As well as this beautiful monster, Eid (Hari Raya to Malaysians) on 1st October 2008 also offered up several new fish specimens to me whilst out snorkelling at Sapi island. First off the Parrotfish Scarus oviceps. Next, a shoal of Sweepers Pempheris oualensis. Last but by no means least, a couple of majestic juvenile Batfish Platax teira. Still awaited is the diagnosis of a Blenny new to me, not yet identifiable in any of the sources I have access to. For now then, my total of species photographed in the Park and logged in my Checklist rises to 380.

In addition, I am pleased to have much improved photos of two Damselfishes which I have habitually only managed to photograph blurred blotches of before: Dischistodus melanotus and the juvenile form of Neoglyphidodon melas.

Thursday, October 2, 2008

The Olango tango

Olango island is opposite Mactan island on which is housed the international airport for Cebu in the central Philippines. It's only an hour and a half away from KK by plane and can be expected to share a significant ocean fauna with us here. I had a chance to explore last weekend, but I will try to connect my comments to TARP:

First of note is that I recorded 79 species of fish in 1 hour and 35 minutes underwater (two dives) in a single location called Talima. In comparison, it took me 3 hours and 6 minutes to do the same in TARP. My initial feeling is that the species density is much higher at Talima, although I could just have attended an amazingly diverse site (not the impression given by our dive leader who said he had chosen Talima because it was sheltered from big waves but not that good). The size of the larger fishes shoals in Talima was obviously greater than TARP: continued fishing of larger fish in TARP could conceivably have had an impact on species density in proportion to shoal densities.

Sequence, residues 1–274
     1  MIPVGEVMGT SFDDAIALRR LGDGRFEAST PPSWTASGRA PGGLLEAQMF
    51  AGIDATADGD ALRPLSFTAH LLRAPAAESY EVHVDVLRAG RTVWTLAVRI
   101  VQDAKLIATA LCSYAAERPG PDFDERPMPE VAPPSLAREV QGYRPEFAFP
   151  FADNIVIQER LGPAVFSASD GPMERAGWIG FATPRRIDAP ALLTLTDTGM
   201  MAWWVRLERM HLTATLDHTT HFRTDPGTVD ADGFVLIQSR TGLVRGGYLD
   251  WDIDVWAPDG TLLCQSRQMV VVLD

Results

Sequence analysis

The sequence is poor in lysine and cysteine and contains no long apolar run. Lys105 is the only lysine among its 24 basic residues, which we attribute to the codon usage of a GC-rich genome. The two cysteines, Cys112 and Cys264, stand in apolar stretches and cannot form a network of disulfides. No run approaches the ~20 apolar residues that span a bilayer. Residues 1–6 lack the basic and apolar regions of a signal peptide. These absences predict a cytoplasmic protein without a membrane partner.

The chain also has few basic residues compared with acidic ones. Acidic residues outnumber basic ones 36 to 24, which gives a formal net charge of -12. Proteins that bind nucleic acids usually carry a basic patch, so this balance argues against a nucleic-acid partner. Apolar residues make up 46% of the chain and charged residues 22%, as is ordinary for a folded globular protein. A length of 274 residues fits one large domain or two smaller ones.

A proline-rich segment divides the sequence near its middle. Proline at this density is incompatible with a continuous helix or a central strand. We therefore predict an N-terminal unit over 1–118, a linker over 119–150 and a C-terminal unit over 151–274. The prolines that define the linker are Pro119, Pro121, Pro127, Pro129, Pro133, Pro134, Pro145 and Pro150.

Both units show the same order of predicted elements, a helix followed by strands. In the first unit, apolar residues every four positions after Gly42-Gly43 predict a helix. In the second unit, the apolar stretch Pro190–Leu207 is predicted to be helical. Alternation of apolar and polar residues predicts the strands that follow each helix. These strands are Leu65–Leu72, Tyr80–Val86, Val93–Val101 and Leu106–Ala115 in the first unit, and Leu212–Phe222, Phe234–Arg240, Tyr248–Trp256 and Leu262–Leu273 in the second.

Secondly, 34 (43%) of the fishes I recorded at Olango were never recorded by me in TARP despite diving or snorkelling here with a working camera for over 75 hours. Even if all other fish species were identical, there is a minimum of 9% unique to Olango compared to TARP (but more likely the figure is around 40%: my 2 dives in Talima are akin to a statistical sample). Possibly, it is because Talima represents an ecosystem not exactly matched in TARP - eel grass with scattered coral bommies and a very deep drop off. But a number of species I have not seen in TARP but are found at Olango were seen in a 1992 survey in TARP by Gerry Allen. It makes me wonder whether Olango represents a more healthy reef in general now - more like the TARP of the early nineties? In that case, given the pelagic nature of many reef fish larvae, it makes me wonder if the coast and near shore reefs of western Sabah will ever be rehabilitated sufficiently en masse to return TARP to the best it could be - it will take more than preserving TARP by itself.

Thirdly, four interesting groups appeared at Olango which have not turned up in my experience in TARP: Hawkfishes (an example photographed under a wrecked boat spar from the family CIRRHITIDAE Cirrhitichthys falco is shown here), Unicornfishes (Genus Naso), Drummers / Sea chubs (Family KYPHOSIDAE), and Anthiases (Genus Anthias). Why? Unicornfishes appear to prefer to be near deep drop-offs - and we have none in TARP whereas off Olango, the slope drops off steeply in a coral wall at around 15-20 metres. But as for the other groups, I have no idea although the beauty of Hawfishes and Anthiases does make me feel that TARP is poorer for not having any.